First, we need to recognize that “teens” covers a large range of ages and maturity. We have the “tweens,” also called juvenile, which incorporates the early years, ages approximately twelve through perhaps fourteen to fifteen. Young adult covers the ages from about fourteen, those more mature, to age nineteen and twenty.
Different maturity levels require different levels of subject matter, but all books for teens should be well-written about interesting topics.
The first suggestion I have is to write from inside the mind of a teen the age of your audience. Get to know youngsters the age you want to read your stories and books. Listen to them and really hear them. Teenagers want thought-provoking, attention-grabbing literature. Teens, of all ages, require characters’ behavior to be logical. They want well-written fiction and non-fiction. Eric Burdsall, from Children’s Writer’s & Illustrator’s Market, wrote, “… think in terms of writing for adults, but about experiences and situations that are relevant or interesting to teenagers.”
The second suggestion, avoid clichés. The dumb jock and the nerdy girl becoming romantically involved is a cliché, as is the strong athlete and the beautiful but dumb cheerleader. Characters need to be three dimensional, not flat. They need to show multiple layers of personality and traits.
Writing must relate to teens on their own levels without being patronizing or condescending. Writers should avoid trivial and superficial stories, essays, articles, or novels. Teenagers have minds and know how to use them.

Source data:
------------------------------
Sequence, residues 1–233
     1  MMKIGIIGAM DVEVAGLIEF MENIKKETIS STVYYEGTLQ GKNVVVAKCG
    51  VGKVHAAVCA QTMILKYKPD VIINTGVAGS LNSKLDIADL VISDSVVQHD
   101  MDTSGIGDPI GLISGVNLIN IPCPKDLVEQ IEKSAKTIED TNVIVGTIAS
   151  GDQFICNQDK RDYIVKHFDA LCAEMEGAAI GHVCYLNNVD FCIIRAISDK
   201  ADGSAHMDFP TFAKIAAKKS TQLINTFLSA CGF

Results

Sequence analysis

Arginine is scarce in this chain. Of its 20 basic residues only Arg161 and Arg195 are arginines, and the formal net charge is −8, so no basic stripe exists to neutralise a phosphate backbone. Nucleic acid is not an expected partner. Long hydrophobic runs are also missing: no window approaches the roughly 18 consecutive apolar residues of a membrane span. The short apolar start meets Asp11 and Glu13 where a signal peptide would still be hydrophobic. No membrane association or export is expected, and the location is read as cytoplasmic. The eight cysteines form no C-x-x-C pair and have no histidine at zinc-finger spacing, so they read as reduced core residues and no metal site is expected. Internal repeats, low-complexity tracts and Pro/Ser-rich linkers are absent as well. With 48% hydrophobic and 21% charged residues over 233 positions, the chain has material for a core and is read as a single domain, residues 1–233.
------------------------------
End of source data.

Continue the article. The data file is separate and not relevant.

Many writers believe that anything written for a teenager must be dark and dreary. That idea is wrong. Yes, the stories should have depth and meaning. Those for older teens can even be about war and violence, dating relationships, even drugs, sex, and abuse, but handled with honesty on the maturity level of the readers. However, teens, as any readers, need humor. A writer can lighten up and give enjoyment with their words.
What about love stories for teenagers of all ages? Believe it or not, the most erogenous zone is found between the ears. Graphic details are not needed if an author knows how to set the scene, how to focus on emotions when writing about romance.Eileen Goudge, in the September 2007 The Writer, wrote that love scenes don’t need to be explicit in order to deliver. “What they do need is to be emotionally rich in a way that will set the mood and resonate with the reader.”
A final suggestion: just because the world around teens is filled with vulgar speech, actions, and ideas doesn’t mean an author needs to increase the level in his stories, essays, poetry, or novels.